Under the disciplinary rules of the Department of Correction, when Massachusetts prisoners are accused of serious offenses within the walls, they are entitled to an administrative hearing about what happened. If found guilty, they will be punished by a term of segregated confinement according to a schedule of penalties that runs up to 10 years for the most serious violence.
This disciplinary sentence runs concurrent with and is limited by their underlying criminal sentence (plus whatever extension of incarceration might be imposed by the court system for the new internal offense). The segregated confinement might be the only penalty available if the prisoner is already sentenced to life without parole.
The disciplinary hearing process in Massachusetts is arguably fairer to prisoners than the “classification” approach used in many other states. Other states may classify a prisoner to segregation simply because they perceive him to be dangerous. In those states, the prisoner may remain in segregation as long as he is perceived to be dangerous, which could be for his entire incarceration.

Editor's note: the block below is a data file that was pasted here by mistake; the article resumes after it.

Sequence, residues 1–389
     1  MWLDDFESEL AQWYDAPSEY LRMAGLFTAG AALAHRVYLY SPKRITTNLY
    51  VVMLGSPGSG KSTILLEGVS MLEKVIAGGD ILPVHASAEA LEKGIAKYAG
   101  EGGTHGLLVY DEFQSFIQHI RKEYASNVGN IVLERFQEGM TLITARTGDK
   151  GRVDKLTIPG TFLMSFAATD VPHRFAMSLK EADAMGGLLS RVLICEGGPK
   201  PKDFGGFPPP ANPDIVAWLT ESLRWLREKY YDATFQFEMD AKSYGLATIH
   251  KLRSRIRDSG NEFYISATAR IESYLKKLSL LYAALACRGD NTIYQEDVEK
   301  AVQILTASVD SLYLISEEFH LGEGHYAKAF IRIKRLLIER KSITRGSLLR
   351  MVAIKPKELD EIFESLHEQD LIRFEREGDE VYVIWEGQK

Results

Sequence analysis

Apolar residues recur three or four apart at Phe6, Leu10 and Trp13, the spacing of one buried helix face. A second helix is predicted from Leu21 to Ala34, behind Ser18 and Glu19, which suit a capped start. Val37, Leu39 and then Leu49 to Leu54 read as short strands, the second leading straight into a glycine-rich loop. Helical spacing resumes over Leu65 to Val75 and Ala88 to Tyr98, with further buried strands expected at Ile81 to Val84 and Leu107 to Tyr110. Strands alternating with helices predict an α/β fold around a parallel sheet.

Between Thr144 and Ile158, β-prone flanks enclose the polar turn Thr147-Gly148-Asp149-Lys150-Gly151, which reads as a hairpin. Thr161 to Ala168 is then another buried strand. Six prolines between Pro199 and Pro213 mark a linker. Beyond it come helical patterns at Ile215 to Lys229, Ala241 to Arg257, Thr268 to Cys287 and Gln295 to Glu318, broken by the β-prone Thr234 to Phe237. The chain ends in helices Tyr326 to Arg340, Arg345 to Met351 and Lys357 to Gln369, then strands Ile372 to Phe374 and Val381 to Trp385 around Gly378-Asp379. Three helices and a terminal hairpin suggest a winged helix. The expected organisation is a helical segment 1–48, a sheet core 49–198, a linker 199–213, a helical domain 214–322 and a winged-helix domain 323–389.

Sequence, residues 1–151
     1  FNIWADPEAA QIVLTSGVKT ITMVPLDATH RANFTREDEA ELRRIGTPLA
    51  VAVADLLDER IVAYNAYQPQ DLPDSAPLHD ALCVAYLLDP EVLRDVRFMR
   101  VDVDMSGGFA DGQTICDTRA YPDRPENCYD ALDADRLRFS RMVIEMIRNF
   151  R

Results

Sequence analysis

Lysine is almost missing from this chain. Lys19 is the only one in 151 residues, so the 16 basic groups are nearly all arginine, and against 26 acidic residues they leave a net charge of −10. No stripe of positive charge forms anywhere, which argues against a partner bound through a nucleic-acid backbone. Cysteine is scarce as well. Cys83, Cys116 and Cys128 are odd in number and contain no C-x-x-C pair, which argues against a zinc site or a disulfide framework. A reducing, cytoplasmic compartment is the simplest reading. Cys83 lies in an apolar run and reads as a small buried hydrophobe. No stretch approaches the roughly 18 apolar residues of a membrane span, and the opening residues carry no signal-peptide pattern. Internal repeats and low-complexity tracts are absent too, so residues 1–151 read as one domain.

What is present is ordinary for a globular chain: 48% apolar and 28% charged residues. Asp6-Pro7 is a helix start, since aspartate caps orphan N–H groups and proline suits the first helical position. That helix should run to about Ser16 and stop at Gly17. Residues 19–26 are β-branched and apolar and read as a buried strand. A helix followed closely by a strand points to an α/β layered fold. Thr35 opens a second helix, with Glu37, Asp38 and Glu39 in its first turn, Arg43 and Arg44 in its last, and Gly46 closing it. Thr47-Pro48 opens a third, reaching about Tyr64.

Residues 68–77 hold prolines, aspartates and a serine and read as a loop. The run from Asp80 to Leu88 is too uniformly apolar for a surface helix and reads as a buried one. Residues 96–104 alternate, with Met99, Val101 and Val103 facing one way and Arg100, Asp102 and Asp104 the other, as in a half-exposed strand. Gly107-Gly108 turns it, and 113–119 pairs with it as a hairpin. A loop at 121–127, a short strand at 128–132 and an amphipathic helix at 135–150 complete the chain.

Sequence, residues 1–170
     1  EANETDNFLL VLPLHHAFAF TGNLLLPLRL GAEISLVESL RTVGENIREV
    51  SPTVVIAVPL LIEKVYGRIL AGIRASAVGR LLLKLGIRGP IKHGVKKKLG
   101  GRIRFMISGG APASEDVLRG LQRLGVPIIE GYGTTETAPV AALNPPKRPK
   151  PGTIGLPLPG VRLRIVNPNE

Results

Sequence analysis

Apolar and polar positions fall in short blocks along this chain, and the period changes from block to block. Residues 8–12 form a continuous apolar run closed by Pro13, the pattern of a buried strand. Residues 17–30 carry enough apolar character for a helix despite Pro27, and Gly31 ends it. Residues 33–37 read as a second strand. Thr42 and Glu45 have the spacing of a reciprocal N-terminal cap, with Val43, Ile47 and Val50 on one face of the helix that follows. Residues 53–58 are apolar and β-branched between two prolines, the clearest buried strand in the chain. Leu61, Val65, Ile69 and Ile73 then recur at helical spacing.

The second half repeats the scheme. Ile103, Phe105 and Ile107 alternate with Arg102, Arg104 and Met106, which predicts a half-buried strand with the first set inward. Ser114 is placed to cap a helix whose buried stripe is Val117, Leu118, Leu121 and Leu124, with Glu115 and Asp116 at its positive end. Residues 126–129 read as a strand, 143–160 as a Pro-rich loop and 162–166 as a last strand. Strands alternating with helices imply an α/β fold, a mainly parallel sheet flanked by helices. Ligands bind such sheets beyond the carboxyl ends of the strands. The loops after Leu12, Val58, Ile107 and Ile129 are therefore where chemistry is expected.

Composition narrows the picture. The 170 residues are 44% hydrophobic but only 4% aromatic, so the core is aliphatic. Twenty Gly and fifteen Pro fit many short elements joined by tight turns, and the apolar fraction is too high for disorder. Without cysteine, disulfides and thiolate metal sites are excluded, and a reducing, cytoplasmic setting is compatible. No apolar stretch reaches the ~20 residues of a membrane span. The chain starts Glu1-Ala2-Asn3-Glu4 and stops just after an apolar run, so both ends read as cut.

Most prisoners serving multi-year sentences in segregation are likely to suffer psychological harms from the confinement. In fact, some believe that any solitary confinement over 15 days is unacceptably harmful. Yet, if a prisoner kills another prisoner, a punishment limited to 15 days, as some have proposed, would seem to trivialize the taking of a life.
The broad criminal justice reform package approved in April addresses this dilemma. It requires that prisoners serving longer terms in segregation have access to the programming that they need to control their behavior and that they have the opportunity to have their case reviewed every 90 days to see if they might be ready to return early to “general population” (normal confinement with other prisoners).
There will always be some prisoners who need to remain in segregation, but our legislation, if effectively implemented, should result in fewer admissions and shorter average stays in segregation. Prisoners leaving segregation should also be much better prepared to return to general population or to the street.
Prior to the reforms, Massachusetts statutes permitted the imposition of a penalty of confinement in an “isolation unit”.
Such isolation units must provide light, ventilation and adequate sanitary facilities, may contain a minimum of furniture and shall provide at least one full meal daily.